In terms of the characterizations of the cast, Hastings overall did a pretty good job of writing them the way they are supposed to be. Coop is still a hopeless idealistic, Susie is still a theater obsessed control freak, Andy is still a bad boy doofus, and Gene, well… is Gene. It felt like David Wain and Michael Showalter themselves brought us a whole new story, they were all so spot on. If I did have an issue with this book, it would be that the distribution of character focus was a little unbalanced. While we would get a lot of focus on Andy, or Ben and Susie, or Beth and Gene, we barely saw anything from other characters, and sadly it was mostly women, like Katie and Lindsay and Abby Bernstein. I know that you can only do so much with a huge swath of characters, all of them amazing, and only so many pages, but it was still a little disappointing that it was women who were more likely to fall to the wayside. Especially since Lindsay played such an important role in “First Day of Camp” (whether this followed the canon of “FDOC” isn’t very clear; there are some hints but nothing is said outright in reference to it).

I also should probably mention that if you have no working knowledge of WHAS and what it tries to do, this will probably seem nonsensical and insane. It is definitely written for fans of the movie and various shows, and while it nails it for the fans, if there is no familiarity of it from the reader they will almost assuredly be lost, and perhaps frustrated. There are tiny throwbacks and Easter eggs within the narrative that make it extra fun for people like me, but I can’t imagine that the completely ridiculous plot and exaggerated characters will resonate for those who have never seen the movie. And along with that, if the wackiness of the movie didn’t appeal to you, there is no way that this graphic novel would.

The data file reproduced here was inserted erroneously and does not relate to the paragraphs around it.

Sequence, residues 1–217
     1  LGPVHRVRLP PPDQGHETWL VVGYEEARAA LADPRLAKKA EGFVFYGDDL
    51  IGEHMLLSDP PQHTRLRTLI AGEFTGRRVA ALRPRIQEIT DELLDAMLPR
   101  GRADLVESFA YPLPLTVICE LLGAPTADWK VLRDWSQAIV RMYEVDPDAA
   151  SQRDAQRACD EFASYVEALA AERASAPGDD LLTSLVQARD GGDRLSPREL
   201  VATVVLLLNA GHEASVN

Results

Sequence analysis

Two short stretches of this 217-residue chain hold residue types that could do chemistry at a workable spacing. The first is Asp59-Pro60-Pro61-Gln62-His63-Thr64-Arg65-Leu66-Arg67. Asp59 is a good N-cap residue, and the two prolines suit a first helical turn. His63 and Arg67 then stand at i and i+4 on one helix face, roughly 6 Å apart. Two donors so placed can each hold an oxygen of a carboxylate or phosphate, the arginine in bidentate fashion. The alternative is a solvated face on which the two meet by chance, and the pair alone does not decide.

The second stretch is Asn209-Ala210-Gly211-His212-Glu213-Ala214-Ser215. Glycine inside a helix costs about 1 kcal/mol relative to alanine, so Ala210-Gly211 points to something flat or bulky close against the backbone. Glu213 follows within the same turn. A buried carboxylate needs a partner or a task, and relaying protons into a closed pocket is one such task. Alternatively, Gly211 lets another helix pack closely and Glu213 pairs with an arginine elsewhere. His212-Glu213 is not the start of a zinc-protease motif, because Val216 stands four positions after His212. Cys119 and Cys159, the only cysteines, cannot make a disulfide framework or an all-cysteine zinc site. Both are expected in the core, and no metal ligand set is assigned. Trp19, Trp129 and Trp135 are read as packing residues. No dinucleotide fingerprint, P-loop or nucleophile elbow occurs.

The illustrations, done by Noah Hayes, are the perfect design for the tone of the story. They feel like a mix of YA favorites such as Raina Telgemeier and the over exaggerated emotions of manga or manga inspired narratives that Bryan Lee O’Malley might make.

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Coop continues to be adorable, even in comic form. (source)

“Wet Hot American Summer” was a funny and heart filled revisit to my favorite summer camp. I would love it if Hastings and Hayes teamed up to bring us more stories from Camp Firewood, but even if this was it, I’d be happy with what we have.

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Show me the fever, into the fire, taking it hiiigher and hiiiiighter.. (source)

Rating 8: A fun romp of new content for my favorite movie, “Wet Hot American Summer” does a pretty great job of capturing the humor and irreverence of Camp Firewood and its staff!

Reader’s Advisory:

“Wet Hot American Summer” isn’t included on any Goodreads lists, but I think that it would fit in on “Books Set During the Summer”.

Find “Wet Hot American Summer” at your library using WorldCat!

Kate’s Review: “American Kingpin”

31920777Book: “American Kingpin: The Epic Hunt for the Criminal Mastermind Behind the Silk Road” by Nick Bilton

Publishing Info: Portfolio, May 2017

Where Did I Get This Book: I own it.

Book Description: In 2011, a twenty-six-year-old libertarian programmer named Ross Ulbricht launched the ultimate free market: the Silk Road, a clandestine Web site hosted on the Dark Web where anyone could trade anything–drugs, hacking software, forged passports, counterfeit cash, poisons–free of the government’s watchful eye.